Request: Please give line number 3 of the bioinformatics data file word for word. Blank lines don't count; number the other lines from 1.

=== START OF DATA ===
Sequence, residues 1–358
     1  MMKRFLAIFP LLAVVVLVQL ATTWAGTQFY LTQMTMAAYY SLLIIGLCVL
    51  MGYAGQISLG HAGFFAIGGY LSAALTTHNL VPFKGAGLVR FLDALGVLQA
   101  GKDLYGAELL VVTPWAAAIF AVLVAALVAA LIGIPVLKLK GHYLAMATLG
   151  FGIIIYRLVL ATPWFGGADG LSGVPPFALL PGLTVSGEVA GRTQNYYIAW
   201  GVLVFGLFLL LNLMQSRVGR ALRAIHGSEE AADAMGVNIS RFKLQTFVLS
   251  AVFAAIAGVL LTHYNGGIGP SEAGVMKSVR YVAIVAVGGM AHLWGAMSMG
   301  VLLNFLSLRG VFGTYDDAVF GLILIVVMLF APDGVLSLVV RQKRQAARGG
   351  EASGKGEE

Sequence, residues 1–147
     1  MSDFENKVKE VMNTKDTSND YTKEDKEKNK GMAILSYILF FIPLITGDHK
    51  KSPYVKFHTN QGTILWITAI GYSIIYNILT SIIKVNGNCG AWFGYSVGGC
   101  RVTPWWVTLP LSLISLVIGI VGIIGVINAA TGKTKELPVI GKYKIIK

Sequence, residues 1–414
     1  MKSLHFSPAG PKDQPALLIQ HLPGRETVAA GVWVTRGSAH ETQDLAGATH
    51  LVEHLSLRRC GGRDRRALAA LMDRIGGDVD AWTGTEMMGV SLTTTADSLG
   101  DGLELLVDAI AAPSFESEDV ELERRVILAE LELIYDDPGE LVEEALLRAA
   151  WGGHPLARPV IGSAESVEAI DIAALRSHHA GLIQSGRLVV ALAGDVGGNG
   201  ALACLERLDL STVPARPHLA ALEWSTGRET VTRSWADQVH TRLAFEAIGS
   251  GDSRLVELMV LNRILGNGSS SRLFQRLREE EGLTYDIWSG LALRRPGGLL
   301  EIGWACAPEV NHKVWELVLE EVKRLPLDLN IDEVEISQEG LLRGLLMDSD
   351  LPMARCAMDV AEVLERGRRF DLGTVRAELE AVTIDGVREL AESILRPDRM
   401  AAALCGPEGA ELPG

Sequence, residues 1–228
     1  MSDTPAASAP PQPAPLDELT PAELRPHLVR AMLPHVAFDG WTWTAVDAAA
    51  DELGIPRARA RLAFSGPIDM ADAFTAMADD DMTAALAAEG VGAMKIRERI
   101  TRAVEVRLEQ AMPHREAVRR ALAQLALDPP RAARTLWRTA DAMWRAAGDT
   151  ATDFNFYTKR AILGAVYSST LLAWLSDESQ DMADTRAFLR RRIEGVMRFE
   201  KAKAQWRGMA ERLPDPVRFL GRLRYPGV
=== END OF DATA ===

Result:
    51  MGYAGQISLG HAGFFAIGGY LSAALTTHNL VPFKGAGLVR FLDALGVLQA